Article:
Farm Ireland
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Sunday 18 November 2018

Farmer gets suspended sentence for animal cruelty, but told he'll go 'straight to prison' if he has contact with animals again

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A farmer who four years ago became the first person in Northern Ireland to be jailed under new animal welfare legislation, yesterday received an 18 month jail sentence, suspended for four years, at the Crown Court in Derry when he pleaded guilty to two charges of cruelty to two sows.

Michael Agnew, 47, who now lives at an address in Garvagh, also received a lifetime ban from ever owning, keeping, transporting or dealing with animals. Judge Philip Babington also ordered that any animals currently owned by Agnew should be taken into the possession of officials from the Department of Agriculture and Regional Development and that Agnew should pay for those re-possession costs.

Agnew, who had 159 previous criminal convictions, nineteen of them for animal welfare offences, admitted committing the two offences of animal cruelty at his then farm at 112 Ballynease Road in Portglenone on October 6, 2015.

Prosecution barrister Catherine Chasemore told Judge Babington that Agnew was already known to D.A.R.D. officials as he had already been banned from keeping livestock due to his previous convictions.

She said in 2015 officials from the department were concerned about the conditions of certain animals on Agnew's farm. On October 6, 2015, officials called at the farm to carry out a full welfare inspection of all the livestock.

"Upon inspection of the livestock inspectors noted two sows that were deemed to be suffering unnecessarily. They were described as being particularly thin. One had a large mammary abscess which had burst and the other had a spinal abscess.

"The DARD veterinary officer believed the sows should have received curative treatment or been humanely destroyed well before October 6 and that they were suffering unnecessarily.

"He explained this to the defendant and stated that now the only humane option to treat the sows was to euthanise them. The defendant strenuously objected to this and insisted that his own vet was called for a second opinion. This was done and she agreed that the sows be euthanised, which the defendant then agreed to. The defendant was invited to be interviewed on two occasions but failed to give an account", Ms. Chasemore said.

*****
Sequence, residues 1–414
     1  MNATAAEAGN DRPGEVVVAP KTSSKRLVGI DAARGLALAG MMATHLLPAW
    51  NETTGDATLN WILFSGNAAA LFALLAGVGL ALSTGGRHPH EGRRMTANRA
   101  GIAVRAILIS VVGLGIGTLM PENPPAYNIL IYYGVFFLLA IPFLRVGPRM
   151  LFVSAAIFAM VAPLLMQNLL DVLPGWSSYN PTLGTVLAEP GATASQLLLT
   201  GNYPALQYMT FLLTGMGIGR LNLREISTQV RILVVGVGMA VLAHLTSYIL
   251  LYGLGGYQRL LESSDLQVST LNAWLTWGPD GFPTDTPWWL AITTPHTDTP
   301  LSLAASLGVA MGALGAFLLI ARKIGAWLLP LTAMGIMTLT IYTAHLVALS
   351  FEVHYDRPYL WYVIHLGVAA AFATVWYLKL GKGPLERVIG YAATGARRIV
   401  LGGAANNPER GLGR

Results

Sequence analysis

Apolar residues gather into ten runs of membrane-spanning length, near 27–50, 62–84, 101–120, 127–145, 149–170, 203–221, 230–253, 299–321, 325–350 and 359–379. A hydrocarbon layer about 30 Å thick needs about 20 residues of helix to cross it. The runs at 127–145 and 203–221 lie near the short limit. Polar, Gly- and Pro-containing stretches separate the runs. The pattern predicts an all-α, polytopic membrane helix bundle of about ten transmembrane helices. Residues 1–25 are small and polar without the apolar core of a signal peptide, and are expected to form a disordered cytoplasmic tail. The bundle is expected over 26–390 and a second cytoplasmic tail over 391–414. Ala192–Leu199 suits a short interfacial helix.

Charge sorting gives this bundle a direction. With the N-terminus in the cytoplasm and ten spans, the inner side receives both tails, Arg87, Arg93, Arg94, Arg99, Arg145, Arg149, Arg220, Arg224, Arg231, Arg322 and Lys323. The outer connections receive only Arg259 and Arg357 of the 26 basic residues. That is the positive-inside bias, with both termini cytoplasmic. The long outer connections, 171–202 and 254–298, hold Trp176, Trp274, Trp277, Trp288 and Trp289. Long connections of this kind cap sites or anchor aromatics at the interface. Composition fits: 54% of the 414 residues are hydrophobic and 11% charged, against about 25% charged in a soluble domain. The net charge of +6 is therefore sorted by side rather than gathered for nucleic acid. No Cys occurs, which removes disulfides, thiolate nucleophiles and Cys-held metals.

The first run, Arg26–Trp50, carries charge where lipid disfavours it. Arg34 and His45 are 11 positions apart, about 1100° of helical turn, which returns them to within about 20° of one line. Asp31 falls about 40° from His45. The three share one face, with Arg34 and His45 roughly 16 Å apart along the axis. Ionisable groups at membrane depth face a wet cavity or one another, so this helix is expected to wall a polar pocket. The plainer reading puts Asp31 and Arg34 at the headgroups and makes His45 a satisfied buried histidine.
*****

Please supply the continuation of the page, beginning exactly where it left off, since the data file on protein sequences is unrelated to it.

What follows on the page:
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The prosecutor said Agnew's previous convictions included him allowing his sheep to become maggoted, for failing to dispose of the carcasses of three sheep, one donkey, one horse and two cows and allowing other livestock to access the carcasses. She said on one occasion in December 2012 officials found numerous dead animals on Agnew's farm.

A defence barrister said Agnew was the father of six children, all of them under the age of eight. He had separated from his partner and moved to Portrush but now lived in Garvagh. The barrister said Agnew only called at his Portglenone farm to collect or drop off his children and no longer had any involvement in the management of the farm.

The barrister said Agnew was terrified of going to jail having previously served a jail sentence for a similar offence four years ago.

"This farm has been there for generations and the defendant has always been involved in running the farm. This was not a case of widespread neglect, it involved two sows. His record in terms of animal welfare is atrocious but this offending did not involve flocks nor herds", the barrister said.

Judge Babington said Agnew should not be allowed within miles of any animals.

"Any animal seeing this man coming over the horizon would have a heart attack. This man should be kept miles away from every living creature", he said.

"His record is staring out at me and saying he should be sent to prison. Just because this is a case involving animals as the injured parties rather than a person does not in any way make the case in itself any less serious. The way he has been treating animals is nothing short of disgraceful", he said.

Judge Babington said the maximum sentence for each offence was one of five years in prison, but he said sending Agnew to jail would be detrimental to his six children.

"Your former partner and your children still live on the farm and you want to have contact with your six children but if you every have any have any contact with animals again you will be going straight to prison", he told Agnew.

Belfast Telegraph

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